While Saudi Arabia supports the UAE claims on the Arabic nature of these islands, it has not made any comments on the status of the islands since the treaty of 1971 and even to the year 1992, the only year in which Saudi Arabia, the UAE, and Egypt made new claims about the islands. They claimed that Iran’s act on November 30, 1971 in retaking the two tunbs and the Abu Musa from England had been an abrupt act and was done with promotional intentions.


Saudi Arabia’s full-scale enmity with the Islamic Republic of Iran


As the Islamic Republic came to power and propagated things like attempt to establish the world wide Islamic government, refute subjugation and monopoly, support the oppressed, and propagate the freedom seeking Islamic mode of thought, as well is its call to the Shiite sect, Saudi Arabia started to show signs of hostility toward Iran.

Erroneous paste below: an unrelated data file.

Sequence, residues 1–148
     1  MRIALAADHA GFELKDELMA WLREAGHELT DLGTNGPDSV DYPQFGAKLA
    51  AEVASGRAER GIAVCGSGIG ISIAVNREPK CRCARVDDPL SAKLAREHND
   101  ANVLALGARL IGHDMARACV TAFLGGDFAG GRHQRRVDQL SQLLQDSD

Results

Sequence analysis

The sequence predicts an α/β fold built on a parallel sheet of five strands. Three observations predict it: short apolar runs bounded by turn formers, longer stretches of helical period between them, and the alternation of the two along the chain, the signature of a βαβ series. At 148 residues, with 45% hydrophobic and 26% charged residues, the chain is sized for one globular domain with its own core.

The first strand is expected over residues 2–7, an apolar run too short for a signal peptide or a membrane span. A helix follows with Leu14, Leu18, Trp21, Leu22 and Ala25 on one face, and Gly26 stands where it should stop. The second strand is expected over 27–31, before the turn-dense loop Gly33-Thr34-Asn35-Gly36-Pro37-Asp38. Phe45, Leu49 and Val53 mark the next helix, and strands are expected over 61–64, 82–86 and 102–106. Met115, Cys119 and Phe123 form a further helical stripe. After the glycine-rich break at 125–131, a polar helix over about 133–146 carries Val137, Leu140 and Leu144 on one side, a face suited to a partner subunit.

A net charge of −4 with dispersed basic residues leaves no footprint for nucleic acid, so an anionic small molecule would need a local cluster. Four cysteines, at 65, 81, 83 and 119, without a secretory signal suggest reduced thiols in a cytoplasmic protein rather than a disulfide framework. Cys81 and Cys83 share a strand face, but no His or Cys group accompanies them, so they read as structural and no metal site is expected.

Arab propaganda, especially from conservative proponents of Saudi Arabia, about the Shiite nature of the Iranian revolution, as well as claims about lack of regard for human rights in Iran, laid great impact on the public mind in the Arab world. As a matter of fact, the Saudi proponents set up heavy barrage of propaganda against Iran in order to prevent the spread of the Iranian revolution toward their borders. They practically set a front in their Sunni regions against the Shiite revolution of Iran.


Fight on Islamic Republic’s ideals


Extensive efforts to propagate Wahhabism and educate Wahhabi clerics and dispatch them to Islamic countries is something that is supported by the clerics ruling Saudi Arabia. Relying on the oil money as well as revenues of the Hajj, the Saudi regime has invested heavily in propagating the mode of thought of the Wahhabis and their ideology. Through the idea of presenting a diluted, sublimated image of radical phenomena, the Saudi regime has tried to propagate Wahhabism and derail the pure Muhammadan Islam harbingered by the Islamic republic of Iran.


Cooperation with the US in the Tabas attack